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A brief note to mark a historic moment: late yesterday, the 2 millionth .au domain name was registered. To put that in context, back in 2002 (when current name policies were introduced), there were 275,000. Now .au is one of the 10 largest country code domains in the world, and we have just slightly less than one .au domain for every 10 people.

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.au domains might cost more than their .com equivalents, but they clearly signal an Australian presence. auDA, which sets Australian domain name rules, is weighing up a number of changes, including possible changes to registration policies and the introduction of single-letter domain names, and it wants your thoughts.

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A domain name is the magic that turns a raw IP address like 114.141.196.60 into a human-friendly chunk of text like Lifehacker.com.au. Here's a look at five of the most popular domain name registrars that help you register and manage your domains.

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New web service Nombray is out to help folks establish their online identity by registering their name-based domain. Enter your name into the Nombray search engine and register the various available combinations of vanity URL available. (For example, a search for my name returns GinaTrapani.name, GinaTrapani.us, GTrapani.com, etc.) Then, register the URLs of your choice for $US20 apiece, and use Nombray's simple web page designer and hosting service to link to the various social networks and profiles you've set up across the web. (See CEO Chris Lunt's Nombray-powered chrislunt.net site above for an example, where Facebook, LinkedIn, and Twitter are linked from tabs in a top frame.)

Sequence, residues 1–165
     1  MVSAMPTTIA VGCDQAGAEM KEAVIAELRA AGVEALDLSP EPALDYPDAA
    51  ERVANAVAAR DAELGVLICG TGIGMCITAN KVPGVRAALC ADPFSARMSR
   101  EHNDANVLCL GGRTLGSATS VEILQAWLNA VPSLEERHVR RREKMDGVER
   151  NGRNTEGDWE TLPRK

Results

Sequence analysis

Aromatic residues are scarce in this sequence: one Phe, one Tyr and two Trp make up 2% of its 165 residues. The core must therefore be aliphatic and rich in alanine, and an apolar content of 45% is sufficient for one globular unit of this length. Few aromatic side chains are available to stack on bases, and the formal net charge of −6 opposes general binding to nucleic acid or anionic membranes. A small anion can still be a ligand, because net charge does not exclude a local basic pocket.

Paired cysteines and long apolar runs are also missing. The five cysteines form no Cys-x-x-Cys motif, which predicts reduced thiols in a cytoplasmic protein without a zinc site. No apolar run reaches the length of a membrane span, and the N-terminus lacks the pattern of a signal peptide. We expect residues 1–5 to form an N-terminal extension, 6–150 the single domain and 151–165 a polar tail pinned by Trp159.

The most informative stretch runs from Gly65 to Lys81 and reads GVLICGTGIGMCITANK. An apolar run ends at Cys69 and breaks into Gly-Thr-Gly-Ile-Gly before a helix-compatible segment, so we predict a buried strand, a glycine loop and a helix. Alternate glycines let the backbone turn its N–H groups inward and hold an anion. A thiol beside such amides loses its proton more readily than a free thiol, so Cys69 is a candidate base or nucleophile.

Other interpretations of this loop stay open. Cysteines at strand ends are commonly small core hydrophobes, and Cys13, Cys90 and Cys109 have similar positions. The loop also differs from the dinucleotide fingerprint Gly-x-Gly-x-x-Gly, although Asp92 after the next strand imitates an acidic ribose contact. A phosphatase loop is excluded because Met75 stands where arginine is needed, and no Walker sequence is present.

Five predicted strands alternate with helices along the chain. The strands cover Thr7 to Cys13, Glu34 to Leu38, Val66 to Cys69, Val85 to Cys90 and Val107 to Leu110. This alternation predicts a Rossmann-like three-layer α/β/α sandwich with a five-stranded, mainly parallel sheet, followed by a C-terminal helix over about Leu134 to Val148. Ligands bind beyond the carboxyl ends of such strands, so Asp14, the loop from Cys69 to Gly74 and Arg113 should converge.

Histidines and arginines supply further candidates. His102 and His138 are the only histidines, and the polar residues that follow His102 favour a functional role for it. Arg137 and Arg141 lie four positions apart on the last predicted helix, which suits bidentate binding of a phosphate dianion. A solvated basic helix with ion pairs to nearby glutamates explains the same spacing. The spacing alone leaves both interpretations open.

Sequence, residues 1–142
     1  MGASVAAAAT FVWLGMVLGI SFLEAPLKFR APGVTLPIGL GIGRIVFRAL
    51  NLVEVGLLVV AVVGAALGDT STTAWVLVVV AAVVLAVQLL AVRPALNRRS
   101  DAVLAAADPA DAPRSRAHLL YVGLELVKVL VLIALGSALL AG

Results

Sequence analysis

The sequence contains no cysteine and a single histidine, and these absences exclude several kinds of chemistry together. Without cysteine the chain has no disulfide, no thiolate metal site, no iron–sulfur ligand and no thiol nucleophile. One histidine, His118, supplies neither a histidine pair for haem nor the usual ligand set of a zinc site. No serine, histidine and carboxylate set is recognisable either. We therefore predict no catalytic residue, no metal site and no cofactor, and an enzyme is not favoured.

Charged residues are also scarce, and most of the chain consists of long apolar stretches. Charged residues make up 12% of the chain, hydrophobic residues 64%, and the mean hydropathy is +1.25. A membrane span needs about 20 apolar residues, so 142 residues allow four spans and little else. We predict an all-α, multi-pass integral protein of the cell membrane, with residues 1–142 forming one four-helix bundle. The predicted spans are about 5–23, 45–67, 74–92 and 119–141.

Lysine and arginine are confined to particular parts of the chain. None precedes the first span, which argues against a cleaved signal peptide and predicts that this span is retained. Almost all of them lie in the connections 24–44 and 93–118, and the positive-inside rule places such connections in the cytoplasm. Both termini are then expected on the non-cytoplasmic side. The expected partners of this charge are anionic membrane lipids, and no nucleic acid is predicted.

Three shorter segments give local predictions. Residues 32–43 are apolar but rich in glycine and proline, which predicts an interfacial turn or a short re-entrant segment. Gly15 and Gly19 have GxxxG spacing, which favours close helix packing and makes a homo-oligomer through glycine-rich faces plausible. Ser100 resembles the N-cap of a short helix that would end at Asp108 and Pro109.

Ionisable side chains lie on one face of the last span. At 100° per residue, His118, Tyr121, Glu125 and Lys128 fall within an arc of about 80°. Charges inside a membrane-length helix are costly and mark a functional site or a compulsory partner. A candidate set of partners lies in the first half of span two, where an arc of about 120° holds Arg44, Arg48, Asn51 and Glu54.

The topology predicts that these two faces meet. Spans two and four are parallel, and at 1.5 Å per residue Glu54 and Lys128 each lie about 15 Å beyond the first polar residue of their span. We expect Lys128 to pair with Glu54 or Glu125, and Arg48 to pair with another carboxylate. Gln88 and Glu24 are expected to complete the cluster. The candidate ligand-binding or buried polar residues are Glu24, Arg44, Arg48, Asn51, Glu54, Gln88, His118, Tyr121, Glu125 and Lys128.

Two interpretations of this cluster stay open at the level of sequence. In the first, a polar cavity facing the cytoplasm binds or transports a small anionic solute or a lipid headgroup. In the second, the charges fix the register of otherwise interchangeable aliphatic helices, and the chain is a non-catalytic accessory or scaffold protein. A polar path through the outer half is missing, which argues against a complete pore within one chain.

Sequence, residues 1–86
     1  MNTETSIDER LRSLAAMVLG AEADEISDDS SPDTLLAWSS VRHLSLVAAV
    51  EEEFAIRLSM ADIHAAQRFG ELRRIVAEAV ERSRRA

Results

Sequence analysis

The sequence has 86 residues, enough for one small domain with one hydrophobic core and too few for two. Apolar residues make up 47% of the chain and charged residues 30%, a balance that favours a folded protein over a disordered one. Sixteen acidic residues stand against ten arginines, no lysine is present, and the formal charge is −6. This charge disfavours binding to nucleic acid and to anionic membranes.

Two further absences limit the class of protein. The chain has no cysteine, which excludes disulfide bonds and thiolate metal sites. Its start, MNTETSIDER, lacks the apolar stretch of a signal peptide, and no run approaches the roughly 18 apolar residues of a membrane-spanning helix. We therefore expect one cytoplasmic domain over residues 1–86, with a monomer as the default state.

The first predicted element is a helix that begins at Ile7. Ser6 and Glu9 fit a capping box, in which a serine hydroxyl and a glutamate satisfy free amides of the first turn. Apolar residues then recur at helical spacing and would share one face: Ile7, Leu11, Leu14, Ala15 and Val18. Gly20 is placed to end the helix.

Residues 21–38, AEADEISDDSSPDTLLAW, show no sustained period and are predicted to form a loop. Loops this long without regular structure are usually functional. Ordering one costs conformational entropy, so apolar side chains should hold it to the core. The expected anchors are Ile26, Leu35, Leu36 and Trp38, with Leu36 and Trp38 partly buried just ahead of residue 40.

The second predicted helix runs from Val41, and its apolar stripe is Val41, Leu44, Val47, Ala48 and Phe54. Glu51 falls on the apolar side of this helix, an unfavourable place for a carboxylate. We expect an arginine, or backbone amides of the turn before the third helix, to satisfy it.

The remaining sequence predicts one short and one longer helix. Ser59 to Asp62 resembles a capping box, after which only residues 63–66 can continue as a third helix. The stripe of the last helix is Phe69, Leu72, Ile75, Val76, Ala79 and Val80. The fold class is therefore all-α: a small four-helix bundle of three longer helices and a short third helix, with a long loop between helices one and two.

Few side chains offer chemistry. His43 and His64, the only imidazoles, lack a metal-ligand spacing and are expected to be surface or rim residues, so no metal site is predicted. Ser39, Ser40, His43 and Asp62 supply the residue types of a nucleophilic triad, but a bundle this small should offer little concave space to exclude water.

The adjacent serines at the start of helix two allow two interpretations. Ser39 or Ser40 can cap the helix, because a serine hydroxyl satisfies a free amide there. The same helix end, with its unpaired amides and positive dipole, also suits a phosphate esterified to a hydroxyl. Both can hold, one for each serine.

Nombray

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If you're on the lookout for a new domain name, here's a trap to look out for. When checking domain availability via a registrar, ensure you're using a site you trust. Most domain registrars have a tool on their website which lets you search for available domain names (for example, Network Solutions WHOIS Search).

 But you may want to careful when you use WHOIS services - and here's why. Some domain registrars have been known to immediately register a site (for a period of a few days) when you query a .com domain for availability through their website - thus preventing you from registering it via any other registrar.

While operators doing this may claim they are doing it to stop someone else grabbing the domain while you're completing the shopping cart process, it's effectively a lockin, and it looks like it's against ICANN's registrar agreement too.

ICANN's registrar agreement says:

    3.7.4 Registrar shall not activate any Registered Name unless and    until it is satisfied that it has received a reasonable assurance    of payment of its registration fee. For this purpose, a charge to    a credit card, general commercial terms extended to creditworthy    customers, or other mechanism providing a similar level of assurance    of payment shall be sufficient, provided that the obligation to pay    becomes final and non-revocable by the Registered Name Holder upon    activation of the registration.

Thanks for the tip, Andrew!